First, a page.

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Spill stories, stinky and sticky

by Linda Wang
May 8, 2017 | A version of this story appeared in Volume 95, Issue 19

Ew, what’s that smell?

Credit: Yang Ku/C&EN/Shutterstock
Spills and chills: One Newscripts correspondent recalls a smelly lab fridge.
An illustration of a laboratory fridge that smells badly because of cadaverine.
Credit: Yang Ku/C&EN/Shutterstock
Spills and chills: One Newscripts correspondent recalls a smelly lab fridge.

Newscript’s recent coverage of “poop” chemicals (C&EN, April 10, page 40) prompted retired forensic chemist Mark Maxwell, of Egg Harbor City, N.J., to share a memory of foul-smelling chemicals from his undergraduate days.

“A few years before 1965, at the University of Dubuque, in Iowa, someone placed a small bottle of cadaverine in the organic laboratory storage refrigerator,” says Maxwell, a regular correspondent to Newscripts. “Unfortunately, the bottle was not tightly sealed and when the bottle tipped over after someone slammed the door shut, the contents wound up in the bottom.”

That summer, the refrigerator lost power and the normally solid cadaverine melted. “When the power was again turned on, the cadaverine crystallized, but a lot of it also permeated the rubber seals on the door,” says Maxwell.

Even years after the spill was cleaned up, when Maxwell accidentally bumped against the door seal, he couldn’t get the stench off himself. “Wherever I went, that stuff was following me,” Maxwell says. In the cafeteria during lunch, he sat where he and his friends usually sit. But that day, nobody chose to sit with him. “Luckily I didn’t have any classes that afternoon, so I showered off, and I went through a can of Right Guard deodorant all over my body.”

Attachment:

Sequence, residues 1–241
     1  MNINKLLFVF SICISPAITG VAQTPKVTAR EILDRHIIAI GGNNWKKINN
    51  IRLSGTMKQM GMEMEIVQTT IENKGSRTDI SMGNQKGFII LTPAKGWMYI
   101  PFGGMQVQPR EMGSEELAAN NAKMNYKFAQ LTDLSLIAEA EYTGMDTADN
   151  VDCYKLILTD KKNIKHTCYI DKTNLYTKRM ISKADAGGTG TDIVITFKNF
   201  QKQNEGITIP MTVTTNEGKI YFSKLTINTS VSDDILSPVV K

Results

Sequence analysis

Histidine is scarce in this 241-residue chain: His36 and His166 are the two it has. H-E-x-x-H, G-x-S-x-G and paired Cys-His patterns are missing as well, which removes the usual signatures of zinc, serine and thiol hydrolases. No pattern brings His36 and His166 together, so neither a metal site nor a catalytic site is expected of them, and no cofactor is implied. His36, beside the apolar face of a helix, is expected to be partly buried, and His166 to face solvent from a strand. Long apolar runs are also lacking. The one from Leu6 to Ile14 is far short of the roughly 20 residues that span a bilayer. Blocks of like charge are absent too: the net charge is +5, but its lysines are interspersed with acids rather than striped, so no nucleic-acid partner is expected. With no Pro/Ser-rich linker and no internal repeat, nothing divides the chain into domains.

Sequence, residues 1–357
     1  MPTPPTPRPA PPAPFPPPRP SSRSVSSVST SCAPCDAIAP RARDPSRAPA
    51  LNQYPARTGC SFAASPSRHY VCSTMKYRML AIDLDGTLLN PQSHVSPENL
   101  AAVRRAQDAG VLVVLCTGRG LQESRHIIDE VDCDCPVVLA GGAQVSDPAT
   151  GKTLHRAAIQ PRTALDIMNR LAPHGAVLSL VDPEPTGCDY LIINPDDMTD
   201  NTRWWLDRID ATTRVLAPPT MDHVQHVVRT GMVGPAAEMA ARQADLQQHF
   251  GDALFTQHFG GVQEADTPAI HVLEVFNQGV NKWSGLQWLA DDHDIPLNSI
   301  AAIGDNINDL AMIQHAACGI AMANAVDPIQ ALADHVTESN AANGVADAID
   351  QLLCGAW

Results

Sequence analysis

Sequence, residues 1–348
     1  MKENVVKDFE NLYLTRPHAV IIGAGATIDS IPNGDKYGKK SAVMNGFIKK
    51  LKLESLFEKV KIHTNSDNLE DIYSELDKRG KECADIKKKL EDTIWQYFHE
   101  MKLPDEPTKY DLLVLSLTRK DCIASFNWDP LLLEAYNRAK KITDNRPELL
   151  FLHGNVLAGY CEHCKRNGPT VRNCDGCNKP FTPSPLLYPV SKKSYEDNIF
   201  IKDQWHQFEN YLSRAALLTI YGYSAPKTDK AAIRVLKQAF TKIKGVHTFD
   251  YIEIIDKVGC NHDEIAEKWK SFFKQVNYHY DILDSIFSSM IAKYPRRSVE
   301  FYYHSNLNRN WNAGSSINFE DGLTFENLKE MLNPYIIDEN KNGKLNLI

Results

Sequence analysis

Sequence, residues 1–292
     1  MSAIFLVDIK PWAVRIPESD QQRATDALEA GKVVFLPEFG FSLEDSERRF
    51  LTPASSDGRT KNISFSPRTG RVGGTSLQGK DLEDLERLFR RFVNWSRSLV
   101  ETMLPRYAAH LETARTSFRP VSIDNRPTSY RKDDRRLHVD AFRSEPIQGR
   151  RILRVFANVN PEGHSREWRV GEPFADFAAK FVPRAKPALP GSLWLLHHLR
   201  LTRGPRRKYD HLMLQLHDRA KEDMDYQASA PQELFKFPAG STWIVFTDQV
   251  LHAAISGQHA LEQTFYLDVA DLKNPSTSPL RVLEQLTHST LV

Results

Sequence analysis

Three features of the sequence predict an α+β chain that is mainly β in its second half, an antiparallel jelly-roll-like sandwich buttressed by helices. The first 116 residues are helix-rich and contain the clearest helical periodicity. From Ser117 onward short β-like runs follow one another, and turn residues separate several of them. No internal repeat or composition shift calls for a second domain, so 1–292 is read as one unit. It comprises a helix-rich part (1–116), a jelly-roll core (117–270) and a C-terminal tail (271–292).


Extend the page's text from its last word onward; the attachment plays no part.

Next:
Even after Maxwell graduated, that smell continued to haunt him. “When I returned for Homecoming in 1973, the refrigerator and the smell was still there,” he says. Ironically, he went on to have a 40-year career in forensic science, where foul-smelling chemicals became a part of his job.

Sticky situations

Speaking of spills, in March, a tank ruptured at a Pepsi bottling plant in Howell, Mich., releasing some 7,200 gallons of concentrated Mountain Dew syrup down a floor drain. Mixing with wastewater, the spill created a huge amount of foam, overwhelming the plant’s sewer system, according to local news reports.

The accident raised environmental concerns that the sugary substance would have had a toxic effect on aquatic life if it hadn’t been contained in a detention basin. “A spill of this magnitude is highly unusual,” Carla Davidson, senior environmental quality analyst at the Michigan Department of Environmental Quality told the Livingston Daily Press & Argus, a local newspaper.

Elsewhere in the country, a soda spill caused an American Airlines flight from Miami to Chicago to be diverted to Jacksonville, Fla. in March. A soft drink spilled onto a power outlet in the main cabin. Out of an abundance of caution, the flight made an emergency landing, according to the Florida Times-Union. All 150 passengers were unhurt, although one passenger said he was soaked.

Linda Wang wrote this week’s column. Please send comments and suggestions to



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